Hikvision: IPVM Is "Destined To Fail"By: John Honovich, Published on Jun 14, 2017
Hikvision has accused IPVM of 'cyberbullying' them, declaring IPVM 'destined to fail.'
This is the 3rd anti-IPVM Hikvision post in 2 weeks, including Hikvision giving IPVM an 'F', following last month's Hikvision declaring IPVM 'absolutely unethical' and 'anti-everything'.
Hikvision describes IPVM's reporting of them as a 'cyberbullying campaign'.
Such an accusation from a Chinese government owned company, with 20,000 employees, and a massive marketing budget, is strange considering the 'bullying' comes from what they describe repeatedly as a nameless blog:
IPVM's Reporting on Hikvision
Hikvision observes that IPVM has been "busy, posting 38 'articles' about Hikvision" in 2017. We have been busier, with 340+ articles posted so far this year (and 4,690+ total articles).
Hikvision says those IPVM articles are a 'cyberbullying campaign' but does not cite any specific articles or proof of that. Here are 10 examples of IPVM's 2017 'cyber bullying' / reporting including:
- 4 product tests: Hikvision PanoVu Multi Imager Tested, Hikvision People Counting Tested, Hikvision Ezviz Mini 360 Plus - $80 Autotracking Camera Tested, and Ezviz Mini Trooper Tested
- 5 news reports on Hikvision New R&D Base To Create 10,000+ Jobs, Says Chinese Government, Hikvision Hiring 50, Direct Out of College, Sales People, Hikvision Major OEM LTS Now Distributing Hikvision, Hikvision Pyronix Releases 'Huge' New Panel
- A directory: Hikvision OEM Directory.
IPVM has extensive coverage of Hikvision and numerous video surveillance companies.
The source of Hikvision's angst is more likely their embarrassment over their issues we have reported on, such as:
- Hikvision ran an Amazon scam. We revealed it. Rather than disputing the facts, which they cannot, they resort to name calling.
- Hikvision called Genetec dirty. We reported on it. Rather than Hikvision solving their cybersecurity problems, they resorted to name calling Genetec.
- Hikvision received the worst possible DHS vulnerability score for their backdoor, this ironically a few months after calling Genetec dirty for Genetec's concerns about Hikvision's cybersecurity problems.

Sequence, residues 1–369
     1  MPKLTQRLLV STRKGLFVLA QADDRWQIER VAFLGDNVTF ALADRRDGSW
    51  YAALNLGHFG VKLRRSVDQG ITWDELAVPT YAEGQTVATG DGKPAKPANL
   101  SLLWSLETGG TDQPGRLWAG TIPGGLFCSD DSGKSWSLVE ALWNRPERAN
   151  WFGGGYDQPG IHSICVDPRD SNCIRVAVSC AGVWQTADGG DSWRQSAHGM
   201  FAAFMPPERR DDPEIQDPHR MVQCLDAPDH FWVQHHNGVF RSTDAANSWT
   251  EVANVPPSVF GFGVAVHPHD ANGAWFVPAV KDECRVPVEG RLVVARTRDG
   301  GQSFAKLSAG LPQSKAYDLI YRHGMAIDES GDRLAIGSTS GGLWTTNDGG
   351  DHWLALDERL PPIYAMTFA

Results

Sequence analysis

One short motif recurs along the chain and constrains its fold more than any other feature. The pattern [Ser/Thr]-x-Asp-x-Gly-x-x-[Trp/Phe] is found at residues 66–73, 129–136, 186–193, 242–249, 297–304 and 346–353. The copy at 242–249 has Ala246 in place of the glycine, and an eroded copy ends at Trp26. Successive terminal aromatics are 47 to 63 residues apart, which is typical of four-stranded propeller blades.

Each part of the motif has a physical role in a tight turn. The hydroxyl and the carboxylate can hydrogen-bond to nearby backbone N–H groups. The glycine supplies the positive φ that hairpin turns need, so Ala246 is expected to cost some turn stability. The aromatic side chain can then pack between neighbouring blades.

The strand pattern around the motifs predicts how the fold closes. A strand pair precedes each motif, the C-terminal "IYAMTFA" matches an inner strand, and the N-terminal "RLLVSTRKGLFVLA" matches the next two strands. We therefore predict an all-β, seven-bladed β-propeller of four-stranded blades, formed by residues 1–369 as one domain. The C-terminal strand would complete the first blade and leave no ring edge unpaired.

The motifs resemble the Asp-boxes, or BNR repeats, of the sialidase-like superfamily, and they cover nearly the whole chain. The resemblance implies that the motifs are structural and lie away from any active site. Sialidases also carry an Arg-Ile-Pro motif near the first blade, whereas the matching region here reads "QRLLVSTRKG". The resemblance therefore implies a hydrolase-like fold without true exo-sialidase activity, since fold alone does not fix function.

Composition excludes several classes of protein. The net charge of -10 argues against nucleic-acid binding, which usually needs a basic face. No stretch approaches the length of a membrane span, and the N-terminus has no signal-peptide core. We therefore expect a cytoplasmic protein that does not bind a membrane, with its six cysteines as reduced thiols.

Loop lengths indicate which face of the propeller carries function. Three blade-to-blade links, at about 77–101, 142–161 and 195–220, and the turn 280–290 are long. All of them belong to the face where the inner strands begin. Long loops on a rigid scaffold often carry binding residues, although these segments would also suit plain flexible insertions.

- Hikvision gives anyone, unverified, an admin password reset code to Hikvision recorders. We reported on it. This continues after all their other cybersecurity issues.
- Hikvision recommends port forwarding Linksys routers in their hardening guide. We reported on it. Instead of fixing it, Hikvision chooses to attack us.
And it is not only product issues. Hikvision is embarrassed and upset that we reported how their owner, the Chinese government is forcing churches in China to install video surveillance cameras to spy on them.
Hikvision says that if IPVM continues our 'cyberbullying campaign', we will post 78 articles on Hikvision by the end of 2017 (and 700+ total articles).
Ironically, if Hikvision continues the pace of anti-IPVM blog posts that they are doing this month (3 in the past 2 weeks), they will have another 80+ anti-IPVM posts this year.
Hikvision Brand Damage
Hikvision should be concerned about the growing damage to their brand. The facts on their Chinese government ownership and their ongoing cybersecurity problems, including the perfect 10.0 DHS vulnerability score is easy for their competitors (who disrespect them), integrators and end users to see and share. The awareness of those problems has grown significantly in the past 2 years.
Reasonable people see what is going on. Hikvision is trying to draw attention away from its issues by name calling IPVM. It will work with their most loyal supporters but most professionals are turned off by this tactic.
Hikvision, as big as it it is in China, is still learning how to sell 'overseas' / Internationally under their own brand. Hopefully they will do so and we are happy to report on positive matters as they improve.